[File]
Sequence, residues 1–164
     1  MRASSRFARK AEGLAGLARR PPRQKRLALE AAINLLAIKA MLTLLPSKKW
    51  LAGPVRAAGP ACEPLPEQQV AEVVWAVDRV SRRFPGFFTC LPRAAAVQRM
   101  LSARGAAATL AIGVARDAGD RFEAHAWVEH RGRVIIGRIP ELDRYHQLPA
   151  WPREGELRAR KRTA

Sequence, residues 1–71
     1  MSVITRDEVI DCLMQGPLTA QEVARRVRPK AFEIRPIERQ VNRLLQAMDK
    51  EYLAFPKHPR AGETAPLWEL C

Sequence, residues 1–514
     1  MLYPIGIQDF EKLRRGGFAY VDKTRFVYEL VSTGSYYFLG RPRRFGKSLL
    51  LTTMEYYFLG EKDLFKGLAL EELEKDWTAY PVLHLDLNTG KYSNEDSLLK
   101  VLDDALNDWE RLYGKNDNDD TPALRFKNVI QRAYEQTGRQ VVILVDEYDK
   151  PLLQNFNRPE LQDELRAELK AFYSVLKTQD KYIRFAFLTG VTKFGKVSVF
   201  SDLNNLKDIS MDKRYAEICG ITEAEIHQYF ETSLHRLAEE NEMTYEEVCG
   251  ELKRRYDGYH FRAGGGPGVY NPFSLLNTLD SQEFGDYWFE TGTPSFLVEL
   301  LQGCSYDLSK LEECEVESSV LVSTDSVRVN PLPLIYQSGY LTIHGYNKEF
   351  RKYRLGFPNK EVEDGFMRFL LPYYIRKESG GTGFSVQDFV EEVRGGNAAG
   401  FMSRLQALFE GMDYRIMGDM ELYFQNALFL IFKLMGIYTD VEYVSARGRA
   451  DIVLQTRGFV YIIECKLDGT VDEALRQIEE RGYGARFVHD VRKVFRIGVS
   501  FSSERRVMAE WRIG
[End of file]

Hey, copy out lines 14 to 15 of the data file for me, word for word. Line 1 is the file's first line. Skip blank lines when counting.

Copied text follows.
   201  SDLNNLKDIS MDKRYAEICG ITEAEIHQYF ETSLHRLAEE NEMTYEEVCG
   251  ELKRRYDGYH FRAGGGPGVY NPFSLLNTLD SQEFGDYWFE TGTPSFLVEL